Friday, April 27, 2018

Kayla’s hopes and gratitude raise funds for medical research by Elizabeth Richards

Kayla (far left) with her parents David and Trista and brothers Bradley (front center) and Tyler photo by Natalie Berry
Over the past four years, Kayla Collins and the runners she has been partnered with have raised slightly over $62,000 in the Miles for Miracles Program for Boston Children’s Hospital (BCH). On Monday, April 16, Kayla and her family travelled once again to the halfway point at the Boston Marathon to cheer on Julie, Kayla’s runner in the 2018 race.
It was a frigid day, with cold driving rain. Julie danced her way down the sidewalk at the cheering section where Kayla and her family waited but was unable to finish the marathon due to hypothermia. Sunday, the Collins family will travel to Boston once again, to cheer on Julie and a dedicated group of charity runners as they run the full course again. What began as a simple Facebook invitation to join her in re-running the course, posted by a runner for BCH who was unable to finish the race, has turned into “Boston 2.0” complete with water stops, medical support at the halfway point, and spectators.

Kayla has been part of the Miles for Miracles Program for four Boston Marathons, two New York City Marathons, and a couple of other running events. Although patients are not required to do fundraising, the Collins family is committed to giving back to the hospital that has done so much to make their tough journey a little smoother.  

Kayla said she participates in Miles for Miracles to help fund research, get the answers they need, and to help other kids.

David added, “It may not personally help Kayla or our family, but it could help others down the line. We do what we can to give back to the hospital, because the doctors and nurses, and all the staff, have helped us so much.”
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This year, Kayla set a fundraising goal of $1500, which she exceeded by almost $500. Julie, who must raise at least $3000 to participate, raised close to $12,000 this year. Last year, Kayla raised just over $2000 as well, making her the top patient partner fundraiser.  This year, however, patient fundraising took off, with the top patient partner raising over $15,000, David said.  According to the BCH website, the overall goal this year was $2,150,000 and they have raised $2,334,370.74 to date, well exceeding that goal.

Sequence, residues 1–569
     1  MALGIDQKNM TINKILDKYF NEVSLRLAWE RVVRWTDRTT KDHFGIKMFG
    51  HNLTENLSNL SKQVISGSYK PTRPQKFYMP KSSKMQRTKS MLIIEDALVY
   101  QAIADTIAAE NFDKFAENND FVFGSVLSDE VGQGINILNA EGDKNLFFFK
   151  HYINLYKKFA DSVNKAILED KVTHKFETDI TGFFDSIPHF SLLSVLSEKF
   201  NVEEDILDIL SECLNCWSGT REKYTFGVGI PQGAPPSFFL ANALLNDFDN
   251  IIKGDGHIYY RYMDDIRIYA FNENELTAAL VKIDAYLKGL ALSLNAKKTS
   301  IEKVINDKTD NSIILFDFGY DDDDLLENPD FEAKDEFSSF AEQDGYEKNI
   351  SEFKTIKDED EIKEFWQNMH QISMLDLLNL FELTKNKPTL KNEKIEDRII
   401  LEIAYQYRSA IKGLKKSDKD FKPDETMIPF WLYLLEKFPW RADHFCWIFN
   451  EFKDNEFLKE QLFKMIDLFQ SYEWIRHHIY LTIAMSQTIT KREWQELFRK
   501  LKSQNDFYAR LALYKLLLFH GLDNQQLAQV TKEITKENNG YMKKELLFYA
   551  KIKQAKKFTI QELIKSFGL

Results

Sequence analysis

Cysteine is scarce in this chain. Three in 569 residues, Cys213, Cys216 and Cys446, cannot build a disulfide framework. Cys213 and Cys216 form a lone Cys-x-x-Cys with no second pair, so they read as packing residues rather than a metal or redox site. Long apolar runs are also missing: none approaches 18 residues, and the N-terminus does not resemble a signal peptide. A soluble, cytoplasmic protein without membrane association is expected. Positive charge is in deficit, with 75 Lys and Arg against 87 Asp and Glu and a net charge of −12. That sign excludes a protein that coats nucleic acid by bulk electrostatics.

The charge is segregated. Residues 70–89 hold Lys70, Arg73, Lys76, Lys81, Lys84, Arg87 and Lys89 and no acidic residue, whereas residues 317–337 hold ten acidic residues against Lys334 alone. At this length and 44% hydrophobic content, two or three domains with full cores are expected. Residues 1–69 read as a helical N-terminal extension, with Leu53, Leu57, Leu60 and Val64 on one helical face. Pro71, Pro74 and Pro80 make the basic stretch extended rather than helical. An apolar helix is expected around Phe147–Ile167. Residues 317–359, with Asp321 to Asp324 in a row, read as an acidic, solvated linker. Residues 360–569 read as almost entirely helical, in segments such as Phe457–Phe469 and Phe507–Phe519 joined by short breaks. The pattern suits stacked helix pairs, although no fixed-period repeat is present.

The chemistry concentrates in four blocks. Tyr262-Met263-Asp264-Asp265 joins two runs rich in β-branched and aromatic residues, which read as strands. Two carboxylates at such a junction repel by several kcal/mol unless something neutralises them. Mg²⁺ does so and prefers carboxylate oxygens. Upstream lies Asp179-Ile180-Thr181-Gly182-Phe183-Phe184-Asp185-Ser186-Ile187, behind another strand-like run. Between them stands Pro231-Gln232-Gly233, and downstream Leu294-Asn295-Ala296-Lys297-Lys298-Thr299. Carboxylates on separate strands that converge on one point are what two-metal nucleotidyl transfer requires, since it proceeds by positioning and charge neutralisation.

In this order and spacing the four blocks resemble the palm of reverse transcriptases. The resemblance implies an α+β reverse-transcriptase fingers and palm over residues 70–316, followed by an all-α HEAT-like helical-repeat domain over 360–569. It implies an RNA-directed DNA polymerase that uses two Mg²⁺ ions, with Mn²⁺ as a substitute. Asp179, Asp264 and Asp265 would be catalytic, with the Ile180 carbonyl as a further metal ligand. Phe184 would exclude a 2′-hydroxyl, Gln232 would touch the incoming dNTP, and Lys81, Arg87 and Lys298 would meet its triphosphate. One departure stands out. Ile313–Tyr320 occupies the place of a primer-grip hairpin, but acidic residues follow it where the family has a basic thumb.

Boston Children’s Hospital is where Kayla finally got a proper diagnosis for her rare genetic condition. At the age of 2 ½ years, she wasn’t walking or talking, but the diagnosis of severe autism that her parents were first given at another hospital didn’t feel right, despite being confirmed by the head of the department. David said they could see connection in Kayla’s eyes, even though she wasn’t able to communicate with them.  

In seeking a second opinion at BCH, they met Dr. Lisa Prock, who agreed that Kayla did not have autism. Dr. Prock helped the family navigate testing and specialists until they finally had an answer – one so rare, it doesn’t even have a name.
Kayla was the third person ever to be diagnosed with 7q11.23 duplication, and there are still only approximately 300 diagnosed cases of this condition, David said. Once the Collins had an accurate diagnosis, Kayla was able to receive extensive early intervention, which has allowed her to thrive. But there are still many challenges Kayla has faced over the years, including the discovery that she has an enlarged aorta. 

Right now, we’re waiting for science and research to get to the place where the team can give us a new treatment option that they’ve never attempted to do before for a patient with her combination of conditions.  In the meantime, every day is a challenge for her, but you would never know,” said her mother, Trista, in a press release. 

In many ways Kayla is a typical 16-year-old student. Kayla is a sophomore at Windham High School, has her driver’s permit, and played on the JV field hockey team at WHS. Kayla said she also plays tennis, and plans to audition for “The Little Mermaid” at the high school this spring. She also has a big future goal: to attend St. Joseph’s College, major in biology and become a veterinarian. and a half years ago, we never dreamed this was even possible. Without the care she’s received from a very dedicated group of medical professionals at Boston Children’s Hospital, she would not be doing what she is today,” said Trista.

David said, when they are at BCH for appointments, it is as if they are the only family there. This undivided attention is just one of the reasons the Collins family is dedicated to participating in the Miles for Miracles Program.

The family travels to BCH every two or three months for Kayla’s tests and appointments. They often make this required travel into an opportunity for family time, spending an afternoon with Kayla and her two brothers at the Science Museum, Aquarium or other Boston attractions after Kayla’s appointments, David said. 

“We’re incredibly proud of Kayla for her wanting to do something to give back to the hospital that is researching and working to save her life. These are not easy days for Kayla, but as a family, this gives us hope, and a way to do something small for the hospital that is saving us,” said Trista.

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